Historical Advanced Squad Leader module
Historical Advanced Squad Leader (HASL) are additional modules for the tactical wargame Advanced Squad Leader intended to depict historical events using maps produced from terrain maps, and featuring linked scenarios called Campaign Games. This article only lists official products produced by Multi-Man Publishing and Avalon Hill.
HASLs are not standalone, other ASL products are necessary for play (see module dependency chart), including counters, dice, the ASL Rulebook and in the case of the Historical Studies, geomorphic mapboards. In addition, some extra equipment is included in most HASL's, such as extra copies of commonly used counters in order to prevent shortages of vehicle or infantry types, as well as module-specific informational markers. Finally, each module/study contains its own rulebook chapter pages (or pages for just part of a chapter, in cases where multiple HASL modules share the same rulebook chapter), which give rules for module-specific terrain and units, as well as campaign game rules, and a black and white miniature of the historical map (if included) which can be photocopied and written on during the course of campaign play.
MMP differentiates products between "Historical Modules" and "Historical Studies". The primary difference is that Studies include some scenarios that use geomorphic mapboards. In most other respects, Modules and Studies are the same. They both contain historical maps, counters, rules, Campaign Games, and historical information. For the purpose of this article, modules and studies are treated equally and referred to as a HASL.
- 1 Campaign Games
- 2 HASL (boxed)
- 3 HASL (periodicals)
- 4 References
The centerpiece of HASL's, aside from the maps, are the Campaign Games.
The Campaign Game (abbreviated CG throughout the rules and hereafter) allows for a wide variety of situations and nearly limitless possibilities. Each player, or team of players, is assigned a certain force, given in terms of Companies, Platoons and Batteries as well as a number of campaign Purchase Points (CPP) and Fortification Purchase Points (FPP).
Each Company...is composed of a set number of squads and support weapons. Further, each Company can be either in a full-strength or depleted state...The CPPs are used to purchase additional forces throughout the game.
Unit purchases are made during a Refit phase taking place between game days - instead of a set number of game turns, actions now take place in game days. A game day is of variable length...
At the end of a campaign day both players place perimeter markings along their front lines, or around units if they're isolated. The perimeter serves as your start line for the next campaign day. This will usually result in wild jagged lines penetrating into enemy held areas which show where your last major effort was made...After each campaign day in which at least one side had decided to go on the offensive, each day varies from a minimum of five (game) turns to an infinite amount (though likely less than eight)...both sides (then) refit and redeploy anywhere along their defined perimeter...
Opposing sides do not fight tooth and nail every day. At the outset of each campaign day each side secretly chooses a(n)...Initiative chit, outlining its intentions (Attack or Idle)...On all results except (both players choosing) Idle, another game day is played out with its varying length. If both sides are Idle, then a game day passes without being played out...(either way, at day's end) both sides again go through the Refit Phase...The Refit Phase features events like promotion, extinguishing blazes, AFV machine gun exchange and scrounging (as well as purchasing fresh forces with CPP and FPP).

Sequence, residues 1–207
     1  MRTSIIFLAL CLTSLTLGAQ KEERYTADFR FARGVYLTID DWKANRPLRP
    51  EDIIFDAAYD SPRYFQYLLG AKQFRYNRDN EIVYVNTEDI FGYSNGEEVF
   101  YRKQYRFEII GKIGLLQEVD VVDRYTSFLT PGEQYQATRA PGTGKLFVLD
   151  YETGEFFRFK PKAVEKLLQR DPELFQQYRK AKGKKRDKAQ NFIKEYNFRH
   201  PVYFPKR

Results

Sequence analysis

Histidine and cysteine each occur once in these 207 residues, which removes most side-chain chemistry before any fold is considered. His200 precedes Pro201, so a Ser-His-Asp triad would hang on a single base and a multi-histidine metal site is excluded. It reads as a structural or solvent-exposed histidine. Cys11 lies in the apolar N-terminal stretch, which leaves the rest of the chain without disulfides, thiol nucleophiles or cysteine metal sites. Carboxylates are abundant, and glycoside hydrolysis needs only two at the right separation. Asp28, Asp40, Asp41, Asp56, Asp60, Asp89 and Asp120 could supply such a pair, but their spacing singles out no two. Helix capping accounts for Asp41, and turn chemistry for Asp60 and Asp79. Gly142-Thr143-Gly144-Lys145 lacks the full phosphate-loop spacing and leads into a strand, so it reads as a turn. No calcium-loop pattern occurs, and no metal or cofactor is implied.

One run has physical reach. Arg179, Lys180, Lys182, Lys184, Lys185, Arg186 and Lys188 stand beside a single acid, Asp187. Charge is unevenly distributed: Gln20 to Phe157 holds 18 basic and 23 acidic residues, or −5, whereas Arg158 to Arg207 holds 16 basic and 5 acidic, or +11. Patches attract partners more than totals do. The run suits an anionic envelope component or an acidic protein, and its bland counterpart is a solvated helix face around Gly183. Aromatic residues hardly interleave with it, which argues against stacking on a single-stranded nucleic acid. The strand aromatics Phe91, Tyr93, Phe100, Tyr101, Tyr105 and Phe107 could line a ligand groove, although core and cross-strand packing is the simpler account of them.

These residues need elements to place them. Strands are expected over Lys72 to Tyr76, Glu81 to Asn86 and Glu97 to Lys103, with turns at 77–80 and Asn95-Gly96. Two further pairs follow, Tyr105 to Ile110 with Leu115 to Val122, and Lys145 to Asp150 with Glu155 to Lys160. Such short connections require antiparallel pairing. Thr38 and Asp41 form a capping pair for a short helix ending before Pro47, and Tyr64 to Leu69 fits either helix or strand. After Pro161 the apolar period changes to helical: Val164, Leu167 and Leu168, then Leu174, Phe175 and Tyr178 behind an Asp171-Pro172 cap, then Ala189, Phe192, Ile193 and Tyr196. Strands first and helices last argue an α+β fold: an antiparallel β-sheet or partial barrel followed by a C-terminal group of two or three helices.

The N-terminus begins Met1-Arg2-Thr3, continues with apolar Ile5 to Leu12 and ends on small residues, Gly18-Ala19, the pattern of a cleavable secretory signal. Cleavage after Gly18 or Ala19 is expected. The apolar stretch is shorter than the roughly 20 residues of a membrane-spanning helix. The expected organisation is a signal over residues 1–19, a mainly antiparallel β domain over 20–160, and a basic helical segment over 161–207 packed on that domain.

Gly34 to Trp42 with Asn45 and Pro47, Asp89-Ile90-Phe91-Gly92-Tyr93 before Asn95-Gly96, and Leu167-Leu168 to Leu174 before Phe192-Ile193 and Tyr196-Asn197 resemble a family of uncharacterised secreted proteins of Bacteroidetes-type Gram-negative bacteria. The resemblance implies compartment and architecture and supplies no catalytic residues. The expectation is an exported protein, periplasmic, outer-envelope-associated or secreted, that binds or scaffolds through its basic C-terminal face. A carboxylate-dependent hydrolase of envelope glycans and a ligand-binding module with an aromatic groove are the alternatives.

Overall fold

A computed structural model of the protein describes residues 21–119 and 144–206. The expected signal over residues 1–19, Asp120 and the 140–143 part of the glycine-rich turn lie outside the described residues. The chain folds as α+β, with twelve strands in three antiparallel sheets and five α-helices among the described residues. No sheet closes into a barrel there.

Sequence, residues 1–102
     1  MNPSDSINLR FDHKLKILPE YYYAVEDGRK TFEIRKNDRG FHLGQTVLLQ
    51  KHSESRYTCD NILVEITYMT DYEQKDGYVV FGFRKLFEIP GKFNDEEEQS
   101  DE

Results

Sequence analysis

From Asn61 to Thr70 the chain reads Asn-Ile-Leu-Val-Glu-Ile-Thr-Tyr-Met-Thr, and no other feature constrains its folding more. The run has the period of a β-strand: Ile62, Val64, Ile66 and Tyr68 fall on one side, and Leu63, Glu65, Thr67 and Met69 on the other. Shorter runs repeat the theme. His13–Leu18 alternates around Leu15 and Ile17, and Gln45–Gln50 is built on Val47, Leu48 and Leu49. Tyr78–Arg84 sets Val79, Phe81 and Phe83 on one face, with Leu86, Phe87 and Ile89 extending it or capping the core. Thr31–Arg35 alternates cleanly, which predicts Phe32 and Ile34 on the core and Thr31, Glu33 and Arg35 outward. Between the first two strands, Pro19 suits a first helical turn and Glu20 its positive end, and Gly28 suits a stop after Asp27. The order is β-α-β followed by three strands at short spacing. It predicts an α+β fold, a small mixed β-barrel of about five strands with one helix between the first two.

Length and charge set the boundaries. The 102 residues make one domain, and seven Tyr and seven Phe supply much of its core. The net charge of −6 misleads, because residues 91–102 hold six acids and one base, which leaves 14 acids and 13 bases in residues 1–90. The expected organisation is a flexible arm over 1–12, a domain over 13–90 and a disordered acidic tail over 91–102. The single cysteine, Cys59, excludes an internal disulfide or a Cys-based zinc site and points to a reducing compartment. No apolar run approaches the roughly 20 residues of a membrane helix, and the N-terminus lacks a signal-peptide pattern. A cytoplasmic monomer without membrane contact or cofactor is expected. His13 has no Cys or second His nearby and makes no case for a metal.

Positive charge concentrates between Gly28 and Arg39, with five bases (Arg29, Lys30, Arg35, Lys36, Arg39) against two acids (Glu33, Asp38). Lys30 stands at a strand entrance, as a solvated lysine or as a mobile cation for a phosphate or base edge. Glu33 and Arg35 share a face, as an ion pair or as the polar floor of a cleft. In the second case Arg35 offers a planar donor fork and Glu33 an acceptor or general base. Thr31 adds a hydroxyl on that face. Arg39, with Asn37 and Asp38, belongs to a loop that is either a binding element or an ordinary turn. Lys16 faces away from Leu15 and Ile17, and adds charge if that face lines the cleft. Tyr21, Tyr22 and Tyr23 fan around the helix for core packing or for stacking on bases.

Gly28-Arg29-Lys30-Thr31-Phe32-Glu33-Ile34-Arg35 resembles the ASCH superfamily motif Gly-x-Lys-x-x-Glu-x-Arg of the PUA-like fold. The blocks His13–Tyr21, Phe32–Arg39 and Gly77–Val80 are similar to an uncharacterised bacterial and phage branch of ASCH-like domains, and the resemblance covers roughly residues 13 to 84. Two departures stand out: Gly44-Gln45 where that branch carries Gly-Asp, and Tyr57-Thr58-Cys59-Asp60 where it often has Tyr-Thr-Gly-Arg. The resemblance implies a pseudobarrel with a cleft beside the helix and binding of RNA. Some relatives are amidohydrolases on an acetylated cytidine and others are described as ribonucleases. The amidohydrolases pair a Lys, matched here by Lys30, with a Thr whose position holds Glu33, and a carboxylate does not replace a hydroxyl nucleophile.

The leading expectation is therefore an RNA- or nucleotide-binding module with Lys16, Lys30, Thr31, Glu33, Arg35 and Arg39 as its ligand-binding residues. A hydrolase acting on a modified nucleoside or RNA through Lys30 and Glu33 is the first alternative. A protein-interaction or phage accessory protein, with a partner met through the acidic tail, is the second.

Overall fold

Red Barricades: Squads at the Gates: Advanced Squad Leader does Stalingrad by Tom Zlizewski Fire & Movement: The Forum of Conflict Simulation, August 1990 (Number 67)
Perhaps the only perceived drawback to the historical modules was a lessened re-playability. By their nature, map-boards were small and focused on close-in terrain such as urban, forest or jungle. While new scenarios for play on the historical maps were occasionally found in ASL themed periodicals such as ASL Annual or ASL Journal, the limited scope of the fighting on these maps restricted the number and type of scenarios possible. However, the dynamics of the campaign games guaranteed that no two CG would play out the same, even with the use of similar forces and identical terrain.
Red Barricades (RB) was released in 1989 and focused on the fighting for the Krasnaya Barrikady ordnance factory complex in Stalingrad. It was designed by Charlie Kibler and was revolutionary since it was the first ASL module to include a large format map and other features now considered standard in big HASL modules. Special additions for this module include rules for new terrain types including debris, railway embankments, culverts, storage tanks, single hex two-story buildings, and modified rules for gullies, factories and cellars. As well, two new weapons (the Soviet Molotov cocktail projector, also known to Combat Mission players as an ampulomet) and the German StuIG (a 150mm infantry gun on a Panzer III chassis) are introduced. Three Campaign Games are included as well as 7 standalone scenarios. The Campaign Games include "Into the Factory" (17–29 October 1942), Operation Hubertus (11–15 November 1942) and The Barrikady (17 October - 15 November 1942). Scenarios included were RB1-RB7. Additional scenarios were also printed in the ASL Annual. Prerequisites included the ASL Rulebook and Beyond Valor.
This module was discontinued by Multi-Man Publishing but released as part of the 2nd Edition of Beyond Valor, which also went out of print. Multi-Man Publishing returned to the 1942 Stalingrad campaign with the "Valor of the Guards" historical module, which focused on the fighting around the central Stalingrad railway station including Pavlov's House. A sequel to Red Barricades is being made by Charlie Kibler called Red October, it will reportedly connect the two making possible a campaign nearly twice as large.
Kampfgruppe Peiper I
Kampfgruppe Peiper I (1993) is the first of a two part module, focusing on the fighting by one of the SS armoured spearheads in the Battle of the Bulge in December 1944. Kampfgruppe Peiper is best known as the unit that perpetrated the Malmedy massacre, but that incident is not portrayed in the game, nor is the Baugnez Crossroads where the massacre took place. The rules chapter for this HASL Module includes rules for Pine Woods, Slope hexsides, and barbed wire fences, as well as modifications of existing rules for stream-hex terrain, village terrain, hillside walls and hedges, and known minefields. One mapsheet, for terrain surrounding Stoumont, Belgium, is included as well as 1 campaign game ("Clash at Stoumont", 19 – 21 December 1944) and 4 standalone scenarios. Scenarios KGP1-KGP4.